5 Old School Games Resurrected in Browsers
Unlike human beings, software never has to die. Sure, people may stop playing a game, at which point it instantly becomes passe and embarrassing to admit you even own it. Seriously, throw out that copy of Fester’s Quest, mmk? But at any time, really, you could totally choose to crack the game open and recapture what it is that made you waste so much time you could have spent, oh, I don’t know, learning how to fix a car or not accumulating 10,000 dollars in student debt.
But what happens if technology changes? You ditch your old computer, or you store your old consoles in the attic where, during a particularly hot summer, they melt all over your collection of Sandman comics and you feel stupid. If you want to play the game you’re kind of screwed. Unless… the current owners of the IP decide to bring it back! And what better way to do so than a cheap, Browser-based iteration?’
Thank the gods, that’s precisely what often happens. Formerly derelict franchises, cancelled IP, beloved, forgotten game scan find a whole new life as a simple to play game you can experience as long as your computer can handle whatever the current version of Internet Explorer is capable of. Huzzah! So, to commemorate those occasions when the video game gods, or at least the developers who serve them, deign to bring back a beloved way to pass the time, here are 5 old school games resurrected in browsers.
Hey, grandpa, guess what? Atari turned 40 this year! Yeah, think about that and feel old you old, old person who is extremely old. Well, to celebrate the milestone that must surely make some of you reading this feel like crying, Atari has released this charming Browser app that lets you play a selection from their stock of completely reimagined versions of classic console games via Internet Explorer.
Holy crap, the awesomeness of this. Look, you guys, those of you who grew up post-NES need to realize how truly crummy video game graphics were on earlier consoles. Not that you suck for not knowing, but just that, much like children of the future will gain much needed perspective from spending a week without their cybernetic implants, we can today get a real sense of how awesome living in the future is by checking out the simplicity of the second generation of games. Seriously, if you think Nintendo graphics are charming, you’ll marvel at the 1 dimensional monochromatic brilliance of the Atari 2600.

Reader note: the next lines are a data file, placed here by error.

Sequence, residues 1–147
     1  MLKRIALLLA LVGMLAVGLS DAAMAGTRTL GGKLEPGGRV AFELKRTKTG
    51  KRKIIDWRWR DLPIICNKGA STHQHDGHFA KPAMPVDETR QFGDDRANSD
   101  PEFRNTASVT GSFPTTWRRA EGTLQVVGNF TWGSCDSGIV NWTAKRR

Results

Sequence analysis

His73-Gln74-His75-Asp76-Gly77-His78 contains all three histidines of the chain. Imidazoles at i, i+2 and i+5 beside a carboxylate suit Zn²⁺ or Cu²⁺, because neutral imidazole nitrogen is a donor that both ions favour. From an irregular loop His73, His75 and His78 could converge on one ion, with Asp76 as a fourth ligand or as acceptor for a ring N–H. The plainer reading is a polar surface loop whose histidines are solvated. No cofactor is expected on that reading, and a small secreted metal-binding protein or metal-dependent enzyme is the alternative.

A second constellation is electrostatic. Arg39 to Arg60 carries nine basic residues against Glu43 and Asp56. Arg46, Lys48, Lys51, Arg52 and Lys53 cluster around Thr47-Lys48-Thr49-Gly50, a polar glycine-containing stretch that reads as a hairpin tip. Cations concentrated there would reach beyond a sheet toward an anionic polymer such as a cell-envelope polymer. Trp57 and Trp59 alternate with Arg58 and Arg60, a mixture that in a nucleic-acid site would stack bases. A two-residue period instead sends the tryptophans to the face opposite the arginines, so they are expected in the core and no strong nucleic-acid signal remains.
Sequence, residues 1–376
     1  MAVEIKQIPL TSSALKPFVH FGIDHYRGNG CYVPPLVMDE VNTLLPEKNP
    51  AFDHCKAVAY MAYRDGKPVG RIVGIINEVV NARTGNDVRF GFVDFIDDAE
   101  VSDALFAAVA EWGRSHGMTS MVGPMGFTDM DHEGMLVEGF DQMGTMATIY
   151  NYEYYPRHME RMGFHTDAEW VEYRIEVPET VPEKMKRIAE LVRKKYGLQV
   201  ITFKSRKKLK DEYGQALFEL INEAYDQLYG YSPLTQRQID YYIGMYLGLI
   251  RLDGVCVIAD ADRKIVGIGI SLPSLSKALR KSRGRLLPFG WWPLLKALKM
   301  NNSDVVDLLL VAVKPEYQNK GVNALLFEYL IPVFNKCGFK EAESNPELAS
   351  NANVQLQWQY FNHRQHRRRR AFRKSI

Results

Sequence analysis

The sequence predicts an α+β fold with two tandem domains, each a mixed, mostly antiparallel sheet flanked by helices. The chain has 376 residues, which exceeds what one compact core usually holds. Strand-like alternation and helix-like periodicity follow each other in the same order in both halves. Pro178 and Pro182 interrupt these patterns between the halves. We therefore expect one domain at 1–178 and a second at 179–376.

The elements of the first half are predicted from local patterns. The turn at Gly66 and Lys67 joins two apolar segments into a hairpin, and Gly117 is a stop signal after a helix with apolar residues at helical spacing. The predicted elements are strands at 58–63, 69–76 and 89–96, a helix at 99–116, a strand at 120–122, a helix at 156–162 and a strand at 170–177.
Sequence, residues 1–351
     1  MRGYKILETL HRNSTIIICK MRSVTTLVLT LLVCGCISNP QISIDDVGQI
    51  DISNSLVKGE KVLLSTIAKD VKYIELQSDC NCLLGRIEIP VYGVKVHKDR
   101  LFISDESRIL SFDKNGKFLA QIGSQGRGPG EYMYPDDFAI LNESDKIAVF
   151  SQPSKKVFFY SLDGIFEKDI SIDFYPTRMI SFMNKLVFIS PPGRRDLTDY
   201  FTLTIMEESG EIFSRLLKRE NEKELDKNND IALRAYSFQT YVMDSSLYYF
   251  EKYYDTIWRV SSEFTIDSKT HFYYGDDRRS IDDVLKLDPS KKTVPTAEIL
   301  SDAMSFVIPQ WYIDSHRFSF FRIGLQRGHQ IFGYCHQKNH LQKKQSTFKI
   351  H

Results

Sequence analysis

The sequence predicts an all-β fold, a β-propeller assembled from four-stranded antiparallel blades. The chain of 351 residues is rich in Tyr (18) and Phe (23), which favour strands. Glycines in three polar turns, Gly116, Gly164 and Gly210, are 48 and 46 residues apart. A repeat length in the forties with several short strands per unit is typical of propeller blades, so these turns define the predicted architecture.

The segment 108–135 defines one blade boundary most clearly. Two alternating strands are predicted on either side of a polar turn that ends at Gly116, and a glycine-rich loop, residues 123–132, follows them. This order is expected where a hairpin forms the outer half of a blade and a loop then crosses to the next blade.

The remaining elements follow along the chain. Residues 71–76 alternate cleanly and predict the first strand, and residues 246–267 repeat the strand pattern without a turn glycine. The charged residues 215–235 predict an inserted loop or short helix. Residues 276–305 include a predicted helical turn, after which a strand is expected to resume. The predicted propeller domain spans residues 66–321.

Obviously, you’re aware of the history of games, but knowing and experiencing are completely different things. Cracking open a 2600 console – as I did last January when I was visiting relatives in the South – you realize that despite the crumminess, those games were a ton of simple, itch-scratching fun that in every way that counts really presaged the era of smartphone casual gaming. Albeit on a console that cost quite a bit. Games like Combat, Missile Command, even dear old grandfatherly Pong, it’s shocking how much time you can lose.
But the graphics do suck, so it’s quite awesome that they’ve been updated so that they play almost exactly as they did on the Atari 2600, but look about like what you’d expect on your iPhone. Go, play now, and enjoy. Just don’t look in the direction of those of us who might be quickly applying copious amounts of putty to our aging faces.
Legends of Zork
Guys, do you like choose your own adventure books? Do you like text-based computer adventure games? Are your fondest early memories full of songs from Supertramp’s Breakfast in America? If the answer is yes – and it totally should be! – then you would be well served by digging deep, deep into the archives of ye olden times games and checking out the venerable Zork series. Created by four MIT geniuses in 1977, it has the distinction of being one of the earliest works of interactive fiction, of helping to codify that genre, and for helping bring Infocom – which also made the brilliant Hitchhiker’s Guide To The Galaxy games – into existence.
Zork, incidentally, was originally slang among hackers for unfinished software; the developers picked the name after their first idea, ‘Dungeon’, violated Dungeons & Dragons’ trademark. That turned out to be for the best, because the series was instantly distinguished by its bizarre name. That name hinted at the series’ mirthful sense of humor and willingness to play with the tropes of fantasy. The first Zork ledto several sequels and Infocom was eventually sold to Activision. Activision terminated Infocom in 1989, but continued to release Zork IP into the 1990s. Meanwhile, a series of choose your own adventure style novels were released in the 1980s (I still have a few collecting dust in my mom’s attic), and the series remains a fond touchstone for RPG fans and people who appreciate a good story in their games.
In 2009, Activision launched Legends of Zork, a browser-based MMO set in the Zork universe. It should have been the biggest thing in the world, if only for the same reason Futurama was renewed on Comedy Central and Sifl & Olly now live on Machinima. Unfortunately, it failed to capture the original series’ sense of humor and only bore a superficial resemblance to the premise. Still, it was almost a worthy attempt to revive the series, and almost lasted for 2 years. It was taken down in 2011. Hopefully, Activision will release their claws a bit and let someone who actually likes the series to do something with it. Until then, we’ll pour out some water in memory, and hope that we don’t receive a message telling us “I don’t know how to do that” in response.